}]

}

That might seem like a lot of hassle just to add a price, but the advantage of it is that it’s very flexible. If your company starts selling different variants of the same product at different price points, adding refurbished or open-box products, or even starts allowing marketplace sellers as Amazon does, it’ll be easy to add new price information. Just make a new Offer object and add it to the list. In our example — the Moleskine Notebook on Amazon — we can easily add a marketplace offer at £5.07:

{

 "@context" : "http://schema.org",

 "@type": "Product",

 "name": "Moleskine Notebook",

 "offers" : [

    {

     "@type" : "Offer",

     "description": "Sold By Amazon",

     "priceSpecification" :

          {

            "@type" : "PriceSpecification",

            "currency": "GBP",

            "value": 9.88

          }

     },

 {

     "@type" : "Offer",

     "description": "3rd Party Marketplace Seller",

     "priceSpecification" :

          {

            "@type" : "PriceSpecification",

            "currency": "GBP",

            "value": 5.07

          }

     }

]

}

Multiple Objects

Another common mistake is more subtle, because there are no mistakes in the syntax, so it won’t trigger any errors or warnings in the Structured Data Testing Tool. Let’s say we have two videos on a page, and we’ve marked them both up with JSON-LD like this:

{

"@context": "http://schema.org/", "@id": "https://mydomain.com/boring-5-second-video", "@type": "VideoObject", "duration": "PT5S", "name": "Boring video", "thumbnailUrl": "https://mydomain.com/boring-video-thumbnail.jpg", "description": "A short and boring video", "uploadDate": "20160727" } { "@context": "http://schema.org/", "@id": "https://mydomain.com/interesting-30-minute-video", "@type": "VideoObject", "duration": "PT30M", "name": "Interesting video", "thumbnailUrl": "https://mydomain.com/long-video-thumbnail.jpg", "description": "An interesting video with a cool thumbnail image", "uploadDate": "20160727" }

This is more common than you might think, especially when we’re relying on some kind of automation to generate the JSON-LD (and we usually are). Put the above snippet into the Structured Data Testing Tool and you’ll find it just silently ignores the second video altogether. It’s a bit like the "Person" object we invented earlier — a computer just doesn’t have any way of understanding the relationships unless you tell it what they are. Given a bunch of objects that look the same, Google doesn’t know which one is the most important. So they just take the first one. In this example, that would mean the wrong thumbnail showing up in video SERPs.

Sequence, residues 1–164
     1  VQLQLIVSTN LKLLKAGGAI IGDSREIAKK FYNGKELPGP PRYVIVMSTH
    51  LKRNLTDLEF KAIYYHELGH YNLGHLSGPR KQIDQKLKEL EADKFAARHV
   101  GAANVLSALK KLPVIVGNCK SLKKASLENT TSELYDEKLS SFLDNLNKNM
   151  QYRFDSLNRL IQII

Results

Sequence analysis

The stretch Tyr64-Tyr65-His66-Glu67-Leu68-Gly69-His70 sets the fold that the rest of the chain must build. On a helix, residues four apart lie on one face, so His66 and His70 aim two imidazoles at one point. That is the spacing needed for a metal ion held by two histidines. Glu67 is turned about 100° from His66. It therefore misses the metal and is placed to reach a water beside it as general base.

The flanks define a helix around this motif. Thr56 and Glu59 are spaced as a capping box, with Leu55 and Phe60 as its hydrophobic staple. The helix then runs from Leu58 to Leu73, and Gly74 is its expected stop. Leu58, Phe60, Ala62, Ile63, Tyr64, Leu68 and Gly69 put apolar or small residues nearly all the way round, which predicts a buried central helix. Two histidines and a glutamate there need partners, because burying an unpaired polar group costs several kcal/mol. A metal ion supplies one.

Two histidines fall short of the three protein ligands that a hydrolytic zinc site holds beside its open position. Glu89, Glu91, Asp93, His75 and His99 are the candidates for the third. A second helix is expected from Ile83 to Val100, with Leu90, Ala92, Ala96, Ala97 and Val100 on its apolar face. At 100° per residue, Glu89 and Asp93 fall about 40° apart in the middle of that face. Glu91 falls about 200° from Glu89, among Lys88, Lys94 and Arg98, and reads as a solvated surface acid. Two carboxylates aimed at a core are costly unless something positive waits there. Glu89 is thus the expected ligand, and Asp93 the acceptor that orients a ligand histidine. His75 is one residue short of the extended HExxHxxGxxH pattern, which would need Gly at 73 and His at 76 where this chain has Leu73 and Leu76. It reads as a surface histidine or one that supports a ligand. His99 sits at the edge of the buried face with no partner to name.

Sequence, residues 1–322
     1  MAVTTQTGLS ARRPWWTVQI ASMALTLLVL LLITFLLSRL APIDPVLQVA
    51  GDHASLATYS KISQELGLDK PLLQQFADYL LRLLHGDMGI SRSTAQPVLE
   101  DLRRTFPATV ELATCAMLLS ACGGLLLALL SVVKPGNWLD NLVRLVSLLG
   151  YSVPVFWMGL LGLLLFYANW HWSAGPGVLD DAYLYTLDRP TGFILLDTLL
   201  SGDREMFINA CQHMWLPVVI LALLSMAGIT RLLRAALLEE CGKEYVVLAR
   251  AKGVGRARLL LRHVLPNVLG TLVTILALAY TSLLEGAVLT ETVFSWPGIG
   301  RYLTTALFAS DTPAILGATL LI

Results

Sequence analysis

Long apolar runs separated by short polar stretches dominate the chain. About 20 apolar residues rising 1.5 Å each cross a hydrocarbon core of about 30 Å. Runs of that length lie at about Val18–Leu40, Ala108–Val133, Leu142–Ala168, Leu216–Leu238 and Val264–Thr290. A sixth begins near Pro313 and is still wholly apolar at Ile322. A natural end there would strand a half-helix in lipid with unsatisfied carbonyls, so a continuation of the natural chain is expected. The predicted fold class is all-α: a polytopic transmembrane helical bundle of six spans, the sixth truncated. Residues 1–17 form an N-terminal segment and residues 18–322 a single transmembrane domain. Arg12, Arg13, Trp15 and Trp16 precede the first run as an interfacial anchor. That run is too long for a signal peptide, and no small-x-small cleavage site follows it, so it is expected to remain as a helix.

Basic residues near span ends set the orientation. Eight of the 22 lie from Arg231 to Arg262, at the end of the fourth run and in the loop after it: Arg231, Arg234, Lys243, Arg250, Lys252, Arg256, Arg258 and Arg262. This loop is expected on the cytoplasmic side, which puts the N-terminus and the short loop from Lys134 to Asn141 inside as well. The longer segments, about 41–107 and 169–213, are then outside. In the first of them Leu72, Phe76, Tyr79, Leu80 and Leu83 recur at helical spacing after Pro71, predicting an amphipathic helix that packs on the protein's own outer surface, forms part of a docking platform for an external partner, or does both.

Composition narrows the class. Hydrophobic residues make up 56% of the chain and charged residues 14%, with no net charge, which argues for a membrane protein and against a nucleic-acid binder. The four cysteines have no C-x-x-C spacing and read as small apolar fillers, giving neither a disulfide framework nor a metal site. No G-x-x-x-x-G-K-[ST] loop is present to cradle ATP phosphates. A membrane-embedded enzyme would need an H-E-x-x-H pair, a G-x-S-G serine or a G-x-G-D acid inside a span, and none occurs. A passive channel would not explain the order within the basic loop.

Next steps

There’s no substitute for actually understanding the structure of your JSON-LD. Once you’ve grasped these basic concepts, you can go a lot further than we have here. Thinking back to the Moleskine Notebook, for example, we could have added lots of relevant information:

  • Sales Taxes on each offer

  • Delivery methods for each offer

  • Delivery costs for each offer

  • Descriptions of the product condition (new, used, etc.)

  • Reviews

Even though it’s been available for quite some time now, very few sites take advantage of all JSON has to offer. And when they do, they often tack new features onto their existing objects without really understanding the syntax. Surf the net and you’ll see reviews that aren’t attached to any products; prices incorrectly configured, and objects of all kinds sitting next to one another instead of in a hierarchy (like the video thumbnails we looked at a moment ago).

This stuff isn’t that hard — it’s almost unfair that there’s still a competitive advantage in understanding it and getting it right. Check out the docs on schema.org, and test your pages regularly. But don’t stop there. It isn’t enough to see "0 Errors" in the testing tool — make sure that your JSON-LD fully reflects the whole structure: objects, reviews, prices, and how they relate to one another.

Get blog posts via email

About the author
Stephan Solomonidis

Stephan Solomonidis

I originally studied the piano at Trinity College of Music while tinkering with Python projects and freelance web development on the side. I came across an ad for a job at Distilled completely by accident, applied, and now work in the London...   read more